Viktor Hovland leads Arnold Palmer Event, Rory McIlroy two behind

ORLANDO, Fla. — After the first round of Thursday’s Arnold Palmer Invitational, Graeme McDowell, fresh off a 4-under 68, praised how playable Bay Hill was — usually a headache for even the world’s best players.

McDowell suggested tournament officials “push” some of the par 3 tees forward to make the course more playable.

“I think there’s a realization here that not all players love this golf course, and they might have to change the setup a little bit just to try to appeal to everyone,” McDowell said. “I think they are making a really big effort to ensure that players continue to come here for this great championship and fall in love with this golf course again.”

A day after 49 of the 120 players in the field broke par on Thursday, many players may have lost the course. Just 18 players broke par on Friday’s second round in more difficult conditions that included more wind and faster green speeds.

Viktor Hovland, the 24-year-old Norwegian who happens to be the hottest player in the field, went into the weekend 9-under in the lead after shooting a 6-under 66 on his morning round on Friday.

Victor Howland
Viktor Hovland leads by two shots at the start of the weekend.
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Hovland leads by two shots ahead of Rory McIlroy, who hit an even 72, Tyrrell Hatton (68) and Talor Gooch (68), all tied at 7-under.

Billy Horschel, who shot 71, is 6-under and Westchester’s Beau Hossler, Martin Laird, Paul Casey, Charles Howell III, Patton Kizzire, Sam Burns and Cameron Young are all 3-under.

When asked where Friday ranked on the “devilish” scale at Bay Hill, McIlroy said, “It’s up there.”

“These are the greens you expect late on a Sunday, not late on a Friday. It will be interesting to see where they go from here but it will be a good test over the weekend. The course has definitely changed a lot since I played it [Thursday] tomorrow to [Friday] Afternoon. I’ll prepare a little better for it [Saturday].”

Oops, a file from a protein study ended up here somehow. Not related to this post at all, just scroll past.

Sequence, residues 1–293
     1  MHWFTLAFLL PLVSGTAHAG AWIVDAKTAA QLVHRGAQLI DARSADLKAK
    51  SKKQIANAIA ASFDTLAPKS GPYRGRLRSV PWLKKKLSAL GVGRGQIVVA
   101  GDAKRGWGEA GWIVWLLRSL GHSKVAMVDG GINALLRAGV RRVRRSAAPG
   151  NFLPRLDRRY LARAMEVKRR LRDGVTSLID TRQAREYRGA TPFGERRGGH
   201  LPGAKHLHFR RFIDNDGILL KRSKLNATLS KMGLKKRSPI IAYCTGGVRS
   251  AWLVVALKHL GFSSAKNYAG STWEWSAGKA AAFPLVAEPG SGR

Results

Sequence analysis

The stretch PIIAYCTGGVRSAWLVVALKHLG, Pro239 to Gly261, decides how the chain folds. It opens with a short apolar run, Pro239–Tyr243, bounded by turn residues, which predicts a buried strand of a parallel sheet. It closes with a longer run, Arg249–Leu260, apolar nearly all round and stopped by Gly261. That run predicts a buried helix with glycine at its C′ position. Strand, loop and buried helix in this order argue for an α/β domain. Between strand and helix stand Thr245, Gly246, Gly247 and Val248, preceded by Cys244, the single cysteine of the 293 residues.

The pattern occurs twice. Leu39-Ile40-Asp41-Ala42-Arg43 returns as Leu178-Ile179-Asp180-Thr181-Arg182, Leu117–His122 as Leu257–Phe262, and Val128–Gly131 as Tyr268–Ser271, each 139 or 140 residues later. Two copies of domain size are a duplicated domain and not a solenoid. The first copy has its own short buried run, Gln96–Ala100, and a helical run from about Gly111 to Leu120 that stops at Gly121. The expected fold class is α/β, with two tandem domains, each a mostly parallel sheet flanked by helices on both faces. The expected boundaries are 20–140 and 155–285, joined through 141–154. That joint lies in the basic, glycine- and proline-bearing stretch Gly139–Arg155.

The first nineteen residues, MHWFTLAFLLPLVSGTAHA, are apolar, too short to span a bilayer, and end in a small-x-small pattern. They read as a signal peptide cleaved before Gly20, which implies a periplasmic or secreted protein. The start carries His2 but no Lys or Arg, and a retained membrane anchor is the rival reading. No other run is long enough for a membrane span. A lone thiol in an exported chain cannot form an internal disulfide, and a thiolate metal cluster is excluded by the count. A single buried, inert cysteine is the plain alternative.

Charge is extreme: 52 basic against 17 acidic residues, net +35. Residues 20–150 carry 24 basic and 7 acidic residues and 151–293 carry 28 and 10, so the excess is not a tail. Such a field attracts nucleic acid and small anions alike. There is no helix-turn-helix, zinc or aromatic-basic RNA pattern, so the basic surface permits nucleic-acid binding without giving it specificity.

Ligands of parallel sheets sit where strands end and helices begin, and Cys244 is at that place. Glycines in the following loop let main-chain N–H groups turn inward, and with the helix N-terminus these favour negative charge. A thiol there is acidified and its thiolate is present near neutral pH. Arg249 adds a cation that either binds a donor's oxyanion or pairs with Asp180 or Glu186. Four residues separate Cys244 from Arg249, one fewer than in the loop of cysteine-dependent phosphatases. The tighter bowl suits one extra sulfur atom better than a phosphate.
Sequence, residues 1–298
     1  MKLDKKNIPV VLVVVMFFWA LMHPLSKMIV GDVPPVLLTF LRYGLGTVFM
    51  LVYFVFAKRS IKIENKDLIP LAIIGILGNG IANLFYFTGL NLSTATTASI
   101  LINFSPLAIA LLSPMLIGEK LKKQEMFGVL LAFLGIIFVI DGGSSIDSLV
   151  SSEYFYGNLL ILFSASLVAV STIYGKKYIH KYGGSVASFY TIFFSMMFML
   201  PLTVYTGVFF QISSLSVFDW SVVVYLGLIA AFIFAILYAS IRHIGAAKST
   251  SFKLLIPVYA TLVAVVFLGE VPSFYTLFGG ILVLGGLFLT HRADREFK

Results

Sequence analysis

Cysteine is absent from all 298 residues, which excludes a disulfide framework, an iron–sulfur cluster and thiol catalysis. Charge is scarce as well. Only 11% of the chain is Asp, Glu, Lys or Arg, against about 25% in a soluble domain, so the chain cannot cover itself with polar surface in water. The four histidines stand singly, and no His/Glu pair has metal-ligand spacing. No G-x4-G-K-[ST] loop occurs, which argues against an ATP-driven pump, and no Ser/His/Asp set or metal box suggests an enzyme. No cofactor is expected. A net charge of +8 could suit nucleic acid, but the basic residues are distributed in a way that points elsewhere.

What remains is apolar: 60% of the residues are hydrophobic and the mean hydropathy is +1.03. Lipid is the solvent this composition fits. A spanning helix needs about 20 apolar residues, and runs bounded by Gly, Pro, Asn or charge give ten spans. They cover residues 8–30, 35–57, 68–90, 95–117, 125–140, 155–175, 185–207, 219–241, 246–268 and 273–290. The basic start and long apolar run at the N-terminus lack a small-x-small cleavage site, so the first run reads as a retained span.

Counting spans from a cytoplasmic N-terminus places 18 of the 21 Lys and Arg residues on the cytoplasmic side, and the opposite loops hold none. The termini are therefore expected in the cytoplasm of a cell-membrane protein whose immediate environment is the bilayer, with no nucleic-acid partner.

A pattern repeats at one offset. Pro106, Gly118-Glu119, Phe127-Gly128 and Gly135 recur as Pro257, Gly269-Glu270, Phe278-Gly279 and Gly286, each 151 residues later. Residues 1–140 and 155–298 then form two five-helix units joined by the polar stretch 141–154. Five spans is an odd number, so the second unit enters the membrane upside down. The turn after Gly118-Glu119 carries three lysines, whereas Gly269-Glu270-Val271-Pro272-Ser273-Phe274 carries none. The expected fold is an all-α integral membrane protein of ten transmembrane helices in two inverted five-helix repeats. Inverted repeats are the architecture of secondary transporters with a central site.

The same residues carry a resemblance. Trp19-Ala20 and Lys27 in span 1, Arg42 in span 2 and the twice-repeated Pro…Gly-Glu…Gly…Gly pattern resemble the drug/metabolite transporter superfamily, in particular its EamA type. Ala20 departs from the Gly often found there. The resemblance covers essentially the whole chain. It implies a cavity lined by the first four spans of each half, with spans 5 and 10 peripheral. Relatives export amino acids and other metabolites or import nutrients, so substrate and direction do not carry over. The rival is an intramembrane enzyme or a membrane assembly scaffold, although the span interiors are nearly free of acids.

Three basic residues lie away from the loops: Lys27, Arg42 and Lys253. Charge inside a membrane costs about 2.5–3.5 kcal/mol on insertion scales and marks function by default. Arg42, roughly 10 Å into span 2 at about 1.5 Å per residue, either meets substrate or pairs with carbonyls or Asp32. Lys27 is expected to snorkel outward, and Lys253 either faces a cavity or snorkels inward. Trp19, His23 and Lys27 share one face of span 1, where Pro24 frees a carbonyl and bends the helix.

McIlroy described the greens as “glassy and firm,” adding that they would only remain “tricky” as the tournament progressed.

“You just have to be so, so precise when the greens are like that,” he said. “[It] simply places even more emphasis on hitting the ball in the fairway so you can add some spin to control the ball on those greens.

Gooch looked relieved when he finished his afternoon loop.

“I don’t want to play again,” he said. “I am satisfied with [the score]. It’s tough out there. Whenever you can underperform on a day like today, you did a good deed.”

Add to that the difficulty that this week is longer and thicker than usual.

Rory McIlroy
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“You’re praying for par when you’re not hitting the fairways, and half the time when you’re hitting the fairways you’re still praying for par,” Gooch said. “If you don’t hit the fairways, you don’t stand a chance. I scored quite a lot today which gave us a chance.

“I don’t know if they can get the greens tighter or faster without it getting ridiculous. There would be a few players who wouldn’t be too happy if that were the case.”

McDowell, who professes his love for the tournament as it is held in his adopted hometown, shot a 4-over-76 on Friday to tie for the tournament.

When asked Thursday where he ranks on the love-hate scale for the golf course, McDowell said, “I don’t think you ever really love a really, really hard golf. It’s like a US Open setup, for example. When you have to play off flags it’s a bit frustrating, but it also takes a certain amount of discipline.

“Tiger did that [Woods] Great. That’s why Tiger has won here so many times, because he’s really, really good. B, you have to be super efficient at what you do. You must ignore pin locations and stay out of trouble. So, I think that appeals to that type of player.”

That’s how the late Arnold Palmer always wanted his host tournament’s course – with firm, challenging greens. He no doubt had a smile on his face as he looked down on the action on Friday. Viktor Hovland leads Arnold Palmer Event, Rory McIlroy two behind


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